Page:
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 user 2008-03-21 at 11:30:52 am Views: 39
  • #21589

    Where gadgets go to die
    canada March  2008 When you retire your old cellphone, computer or iPod, the fate of the corpse is rarely given much thought. If you’re not bequeathing it to someone else, it often ends up in the trash.It shouldn’t. There are an astonishing number of downright unfriendly substances in the average electronic device: lead and beryllium and mercury and lithium, for example. The right place for that old gear is a recycling depotBut all recyclers are not created equal. You think you’re doing the right thing by dropping off the old equipment at a recycling depot (and you are), but guess what – the “recycler” may simply be shipping your old devices off to foreign shores where they are unsafely destroyed, polluting the environment and damaging the health of workers exposed to the toxins.That’s not only deceptive (you think your discards are being properly disposed of, and they’re not), it’s illegal. In 1994, the Basel Convention banned the export of hazardous waste from richer to poorer countries, and Canada is a signatory to that convention (sadly, the U.S. has so far refused to sign). Since then, a watchdog organization known as BAN has monitored and lobbied against this trade, which it refers to as “the toxic effluent of the affluent,” revealing the damage it is doing in reports and several hard-hitting videos chronicling practices such as the burning of old computer equipment, which poisons the air, land and water.

    The Globe and Mail
    Some computer vendors, including HP, are working to combat the problem by offering free environmentally sound recycling of old devices, toner, and ink cartridges.
    The only problem, said Frances Edmonds, HP Canada’s director of environmental programs, is that you can’t force people to give the old products back. To make them want to do so, HP has invested in education campaigns that start in junior kindergarten, teaching children about environmentally responsible practices, and go all the way up to the university level, where it has endowed a chair in corporate social responsibility at York University’s Schulich School of Business.HP’s recycling partner is Sims Recycling Solutions, a company that guarantees neither it nor its subcontractors ship any electronic detritus overseas. I had a tour of the Sims facility in Brampton, Ontario, which receives equipment from all over Canada, and discovered what a complex business proper recycling really is.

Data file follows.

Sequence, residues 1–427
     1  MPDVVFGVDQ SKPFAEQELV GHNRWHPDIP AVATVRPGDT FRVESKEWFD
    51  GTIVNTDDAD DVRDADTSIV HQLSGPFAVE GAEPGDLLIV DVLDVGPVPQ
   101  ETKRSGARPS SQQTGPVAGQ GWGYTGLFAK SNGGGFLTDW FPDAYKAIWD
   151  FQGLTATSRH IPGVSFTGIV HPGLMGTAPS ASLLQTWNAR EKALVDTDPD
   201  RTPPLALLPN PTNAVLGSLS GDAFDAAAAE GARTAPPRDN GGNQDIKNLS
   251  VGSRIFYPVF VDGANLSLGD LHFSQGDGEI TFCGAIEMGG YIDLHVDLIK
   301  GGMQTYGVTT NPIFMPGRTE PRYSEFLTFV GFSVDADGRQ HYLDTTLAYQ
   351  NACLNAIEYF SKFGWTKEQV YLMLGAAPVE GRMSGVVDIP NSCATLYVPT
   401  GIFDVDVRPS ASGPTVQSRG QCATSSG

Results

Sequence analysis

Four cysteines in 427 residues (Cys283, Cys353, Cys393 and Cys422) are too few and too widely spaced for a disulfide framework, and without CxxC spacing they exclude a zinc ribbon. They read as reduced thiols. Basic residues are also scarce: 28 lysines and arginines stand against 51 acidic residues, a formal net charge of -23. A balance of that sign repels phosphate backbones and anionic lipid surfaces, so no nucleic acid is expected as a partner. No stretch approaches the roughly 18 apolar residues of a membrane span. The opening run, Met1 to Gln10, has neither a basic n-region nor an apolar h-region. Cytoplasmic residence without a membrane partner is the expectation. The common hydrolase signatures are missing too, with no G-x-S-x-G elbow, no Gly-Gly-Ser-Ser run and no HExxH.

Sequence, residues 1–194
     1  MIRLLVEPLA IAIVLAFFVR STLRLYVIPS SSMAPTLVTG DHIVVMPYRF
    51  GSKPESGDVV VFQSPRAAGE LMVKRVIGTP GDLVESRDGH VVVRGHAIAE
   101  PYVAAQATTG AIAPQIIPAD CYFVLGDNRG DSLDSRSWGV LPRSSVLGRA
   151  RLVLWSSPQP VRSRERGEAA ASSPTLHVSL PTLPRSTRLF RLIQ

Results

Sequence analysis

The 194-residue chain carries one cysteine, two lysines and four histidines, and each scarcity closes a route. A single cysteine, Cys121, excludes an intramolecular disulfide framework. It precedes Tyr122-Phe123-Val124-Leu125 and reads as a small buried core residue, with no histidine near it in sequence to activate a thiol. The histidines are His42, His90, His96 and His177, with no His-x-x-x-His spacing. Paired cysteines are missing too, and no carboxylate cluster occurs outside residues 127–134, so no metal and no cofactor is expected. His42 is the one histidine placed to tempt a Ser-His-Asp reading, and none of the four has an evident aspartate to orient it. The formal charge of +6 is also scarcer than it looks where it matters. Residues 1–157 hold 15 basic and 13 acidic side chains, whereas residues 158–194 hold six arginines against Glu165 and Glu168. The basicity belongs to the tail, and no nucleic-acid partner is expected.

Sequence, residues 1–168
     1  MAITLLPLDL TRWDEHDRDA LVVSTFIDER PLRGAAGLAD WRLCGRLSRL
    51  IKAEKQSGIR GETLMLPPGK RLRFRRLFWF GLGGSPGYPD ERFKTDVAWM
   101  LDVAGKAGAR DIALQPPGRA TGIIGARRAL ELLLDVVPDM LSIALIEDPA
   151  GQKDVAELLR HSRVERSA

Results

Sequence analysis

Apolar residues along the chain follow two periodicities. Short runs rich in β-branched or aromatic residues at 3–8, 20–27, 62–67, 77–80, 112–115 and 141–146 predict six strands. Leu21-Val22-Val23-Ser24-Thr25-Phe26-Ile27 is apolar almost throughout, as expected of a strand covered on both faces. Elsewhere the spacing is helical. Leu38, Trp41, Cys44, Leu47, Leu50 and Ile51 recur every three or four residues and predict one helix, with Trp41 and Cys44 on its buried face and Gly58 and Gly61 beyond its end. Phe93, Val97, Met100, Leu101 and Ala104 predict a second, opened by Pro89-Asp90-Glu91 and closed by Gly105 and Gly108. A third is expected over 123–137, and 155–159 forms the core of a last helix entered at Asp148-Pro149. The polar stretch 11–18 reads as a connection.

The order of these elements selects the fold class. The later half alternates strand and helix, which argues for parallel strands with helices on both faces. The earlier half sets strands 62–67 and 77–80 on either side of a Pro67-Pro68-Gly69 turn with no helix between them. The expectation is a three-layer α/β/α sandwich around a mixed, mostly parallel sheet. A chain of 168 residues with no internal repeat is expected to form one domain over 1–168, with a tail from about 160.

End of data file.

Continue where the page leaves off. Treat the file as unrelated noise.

According to Cindy Coutts, senior vice president at Sims, the company developed its technology in the late 1980s as part of a mining operation. It soon discovered that recycling is simply another form of mining – in this case, of resources that would otherwise end up polluting a landfill. And those resources can be reused to cut down on the amount of the other sort of mining that is necessary.Although, she said, only about eleven per cent of electronics waste is recycled, Sims still processes 1.5 million pounds (680,389 kilograms) per month. The plant’s maximum throughput is 10,000 pounds (4500 kg) per hour.You’d think, with that kind of throughput, that the plant would be grubby and cluttered. Nothing could be farther from the truth. While you can’t eat off the floors, the area is extremely clean – and very noisy. Visitors and staff alike wear hearing protection, as well as safety glasses and hard hats. The rumble of machinery is punctuated by the beeps of the forklifts whizzing around, transporting recyclables to their ultimate fate.